Turning the Tables

30 Sep

Next week I will be working as a camp counselor at the Longbridge camp in Langenbrucke, Switzerland (Langenbrucke=German for “Longbridge”). Longbridge is a language training camp for Swiss children between the ages of 12 and 16–a place where they will be exposed to an all-English environment for one week. The program I’m with here in Freiburg, IES Abroad, sent me an e-mail about the position because the organization that runs the camp has had many IES students work as counselors in the past. I am extremely excited to be helping these kids learn English by getting them involved in activities and organized events, and hopefully I’ll get some insight into how other cultures learn about us Americans instead of myself learning about them. I know that I’m supposed to be teaching them, but I have a feeling that my next entry will not be about what I teach these children, but rather what they are going to teach me. As a bonus, I am getting paid around 400 Euro for my efforts, which is nice because if it were any more I’d have to pay taxes and such (I can only make 400 a month on a student visa).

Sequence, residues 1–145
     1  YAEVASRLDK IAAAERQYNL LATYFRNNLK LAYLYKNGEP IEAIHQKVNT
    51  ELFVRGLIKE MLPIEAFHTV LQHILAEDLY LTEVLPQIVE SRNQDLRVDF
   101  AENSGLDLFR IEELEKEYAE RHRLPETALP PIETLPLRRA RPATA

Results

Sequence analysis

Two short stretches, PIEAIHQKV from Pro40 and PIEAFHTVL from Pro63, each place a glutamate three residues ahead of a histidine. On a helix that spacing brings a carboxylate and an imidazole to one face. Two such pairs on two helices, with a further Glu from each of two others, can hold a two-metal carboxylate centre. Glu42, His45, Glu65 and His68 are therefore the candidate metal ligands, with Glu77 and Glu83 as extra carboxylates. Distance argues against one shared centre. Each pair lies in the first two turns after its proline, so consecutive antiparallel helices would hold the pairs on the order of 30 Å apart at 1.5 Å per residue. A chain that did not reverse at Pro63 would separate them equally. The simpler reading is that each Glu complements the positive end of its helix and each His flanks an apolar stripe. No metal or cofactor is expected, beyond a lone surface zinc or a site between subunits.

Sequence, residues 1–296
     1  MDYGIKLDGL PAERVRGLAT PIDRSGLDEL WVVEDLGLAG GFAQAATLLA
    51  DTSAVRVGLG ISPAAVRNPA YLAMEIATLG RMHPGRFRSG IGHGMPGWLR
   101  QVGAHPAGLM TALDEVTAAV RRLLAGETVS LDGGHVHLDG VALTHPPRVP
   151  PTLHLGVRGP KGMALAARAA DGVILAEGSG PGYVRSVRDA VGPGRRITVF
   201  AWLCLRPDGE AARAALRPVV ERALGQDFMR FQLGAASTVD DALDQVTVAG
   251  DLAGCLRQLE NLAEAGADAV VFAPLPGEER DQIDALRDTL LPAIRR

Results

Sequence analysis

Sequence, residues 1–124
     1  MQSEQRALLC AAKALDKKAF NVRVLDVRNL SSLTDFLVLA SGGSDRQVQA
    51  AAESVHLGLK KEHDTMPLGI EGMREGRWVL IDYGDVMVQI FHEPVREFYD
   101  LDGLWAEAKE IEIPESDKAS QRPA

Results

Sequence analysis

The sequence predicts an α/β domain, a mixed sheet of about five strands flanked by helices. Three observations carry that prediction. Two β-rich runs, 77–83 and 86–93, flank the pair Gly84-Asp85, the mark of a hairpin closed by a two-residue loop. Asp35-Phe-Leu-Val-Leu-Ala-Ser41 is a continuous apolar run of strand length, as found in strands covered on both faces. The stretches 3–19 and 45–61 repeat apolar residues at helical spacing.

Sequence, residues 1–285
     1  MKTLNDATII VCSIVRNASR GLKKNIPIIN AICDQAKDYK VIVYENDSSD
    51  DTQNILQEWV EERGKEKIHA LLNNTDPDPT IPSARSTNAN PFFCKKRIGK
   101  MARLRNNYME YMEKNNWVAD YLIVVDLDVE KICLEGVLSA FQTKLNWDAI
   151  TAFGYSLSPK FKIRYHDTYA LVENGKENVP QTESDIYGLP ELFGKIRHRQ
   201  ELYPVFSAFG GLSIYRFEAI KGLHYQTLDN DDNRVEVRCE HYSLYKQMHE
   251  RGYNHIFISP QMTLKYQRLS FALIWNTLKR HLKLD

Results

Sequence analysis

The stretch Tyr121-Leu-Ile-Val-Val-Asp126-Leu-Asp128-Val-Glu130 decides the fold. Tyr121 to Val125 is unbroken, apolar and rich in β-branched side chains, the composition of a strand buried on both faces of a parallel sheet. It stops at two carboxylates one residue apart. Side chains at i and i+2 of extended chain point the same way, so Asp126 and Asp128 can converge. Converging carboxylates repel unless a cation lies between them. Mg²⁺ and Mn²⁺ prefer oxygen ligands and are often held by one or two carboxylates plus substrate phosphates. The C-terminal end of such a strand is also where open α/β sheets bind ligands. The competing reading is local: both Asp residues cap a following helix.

In other news, Tuesday was our last day of classes for the pre-session here in Freiburg. The pre-session was a three-week intensive language program offered by Uni Freiburg’s Sprachlehrinstitut (Literally, Language Teaching Institute), and consisted of 3 hours of language courses in the morning supplemented by Vorlesungen (lectures) and Seminars in the afternoons. The most important aspect of this program to me was that it was conducted entirely in German, as not all of the participants could speak English, so it definitely got me in the “German” swing of things. I got a score of ‘2’ in my class, which is the equivalent of a B+ in the grading system back home; I’m satisfied with that, because I would rather have learned more in a challenging environment than breezed through class and gotten a perfect score without actually learning many useful things.

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